Now that we’ve had more personal political ideology discussion in one paragraph than in the history of this blog, it’s time to head back on topic.
As I searched the rest of the tables in Barnes & Noble I found a misplaced book – “I Can’t Believe I’m Sitting Next to a Republican”. Now, I had JUST been looking at books with mismatching titles AND I have not been too pleased with the Republican party as of late I misinterpreted the subject matter. Under the title reads: “A survival guide for conservatives marooned among the angry, smug, and terminally self-righteous”. What I read was: “A guide to survive conservatives – the angry, smug, and terminally self-righteous”. Obviously I need to pay more attention to what I see. Aside from that, my interpretation of the reading front cover gave me the feeling it was from a liberal point of view. As sad as it may be, I think of the far right as angry, smug AND terminally self-righteous. I guess I just sort of read what I wanted to see.
I was SO excited to read how the “other” side interpreted conservatives. In working with others of different mindsets I feel it’s important to understand the opposition. I’m a nerd and really like reading about political ideology. As a Republican, I want to know how Democrats see the GOP. In any tiff don’t you want to see how the other sees you? I do, it helps you understand and overcome your difficulties.
When I got home I re-read the books cover and backside. It should have keyed me in when I saw FOXNews.com gave a raving review….one which is completely exaggerated. ‘Author Harry Stein has prepared a primer for people who are locked in political exile in their very own homes.” – FOXNews.com’ Statements like this are what piss me off about Republicans. Really? Political EXILE??? Could we overreact ANY more?!?!
Guess I’ll be heading back to Barnes & Noble to return it. I can’t tell you how disappointed I was when I found out the true meaning of the book. While I can only make general observations and base my opinions on those, since I will not be reading the whole thing, it sounds nothing more than a “poor me” commiserating piece of work. Republicans don’t need to throw a pity party, whining to the world and exclaiming the awfulness and outrageousness the other side.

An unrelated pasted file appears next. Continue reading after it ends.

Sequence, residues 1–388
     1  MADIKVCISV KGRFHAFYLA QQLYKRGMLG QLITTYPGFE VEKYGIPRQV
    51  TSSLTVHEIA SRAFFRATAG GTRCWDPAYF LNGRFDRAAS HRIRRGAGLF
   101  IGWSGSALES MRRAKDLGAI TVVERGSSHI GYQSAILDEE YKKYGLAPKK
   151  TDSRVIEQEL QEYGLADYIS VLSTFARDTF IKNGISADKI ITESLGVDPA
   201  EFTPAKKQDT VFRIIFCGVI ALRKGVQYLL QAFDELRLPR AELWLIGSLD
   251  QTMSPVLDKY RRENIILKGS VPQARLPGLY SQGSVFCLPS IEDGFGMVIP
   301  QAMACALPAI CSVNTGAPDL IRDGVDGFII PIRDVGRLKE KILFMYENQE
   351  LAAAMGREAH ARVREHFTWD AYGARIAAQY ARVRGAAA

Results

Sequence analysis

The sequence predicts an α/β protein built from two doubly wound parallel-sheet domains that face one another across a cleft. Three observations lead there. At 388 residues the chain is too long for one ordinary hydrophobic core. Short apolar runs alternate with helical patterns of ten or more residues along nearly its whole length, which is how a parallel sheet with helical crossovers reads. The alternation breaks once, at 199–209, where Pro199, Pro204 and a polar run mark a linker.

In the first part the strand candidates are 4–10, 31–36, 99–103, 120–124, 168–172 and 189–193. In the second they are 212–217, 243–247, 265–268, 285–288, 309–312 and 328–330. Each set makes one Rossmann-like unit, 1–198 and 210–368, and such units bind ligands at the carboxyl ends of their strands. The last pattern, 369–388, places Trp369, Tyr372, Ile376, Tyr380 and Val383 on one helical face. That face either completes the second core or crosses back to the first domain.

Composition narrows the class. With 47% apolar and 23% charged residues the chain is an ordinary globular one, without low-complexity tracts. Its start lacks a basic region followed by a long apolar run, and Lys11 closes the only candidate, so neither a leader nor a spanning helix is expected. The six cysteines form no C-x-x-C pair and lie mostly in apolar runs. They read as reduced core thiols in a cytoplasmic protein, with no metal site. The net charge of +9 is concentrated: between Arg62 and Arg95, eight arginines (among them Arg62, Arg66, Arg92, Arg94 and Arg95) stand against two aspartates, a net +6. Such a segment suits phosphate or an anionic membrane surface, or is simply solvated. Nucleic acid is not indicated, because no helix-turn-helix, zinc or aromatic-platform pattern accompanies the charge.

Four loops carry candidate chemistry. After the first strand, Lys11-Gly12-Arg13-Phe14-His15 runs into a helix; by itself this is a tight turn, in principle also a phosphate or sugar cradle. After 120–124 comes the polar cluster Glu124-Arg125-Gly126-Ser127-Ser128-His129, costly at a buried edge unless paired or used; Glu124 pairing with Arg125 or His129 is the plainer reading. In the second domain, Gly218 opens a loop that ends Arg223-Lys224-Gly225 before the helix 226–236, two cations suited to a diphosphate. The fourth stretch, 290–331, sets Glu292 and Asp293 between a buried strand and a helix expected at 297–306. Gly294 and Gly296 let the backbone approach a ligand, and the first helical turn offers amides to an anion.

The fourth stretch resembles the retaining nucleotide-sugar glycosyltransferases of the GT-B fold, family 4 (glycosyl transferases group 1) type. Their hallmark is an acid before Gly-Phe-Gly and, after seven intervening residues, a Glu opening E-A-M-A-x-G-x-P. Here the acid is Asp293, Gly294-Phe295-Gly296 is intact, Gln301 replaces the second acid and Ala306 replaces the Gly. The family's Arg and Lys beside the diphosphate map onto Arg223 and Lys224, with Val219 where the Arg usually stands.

Since I have no intention of adding the book to my library, I feel it wouldn’t be right to read it first. Since I purchased it…not borrowed from the actual library. And maybe I’m being too judgmental too quickly. (Yes, I realize this goes 100% away from my ‘don’t judge a book by its cover’ comment earlier) I only feel it’s the right thing to do. I HAVE read the long backside description…which I should have read more thoroughly IN Barnes & Noble. Based on the little investigation I’ve done, I have no interest in reading it. If there’s someone out there who thinks I SHOULD read it and am misunderstanding its true purpose – PLEASE correct me. I have no desire to sound arrogant or rude or so opinionated I refuse to accept any other idea. In reality, I rarely share my opinions because I don’t want to dissuade someone from sharing theirs. It’s very important to me to be open to other ideas, methods and beliefs – no ONE answer is 100% correct – we’re human, not a one of us is perfect. Wouldn’t you want to be given the opportunity to see another way? To learn something that may change your opinion? To potentially avoid looking ignorant and arrogant?
…I’m fairly certain no one wants to look like a moron. So please correct me if I sound like an asshole.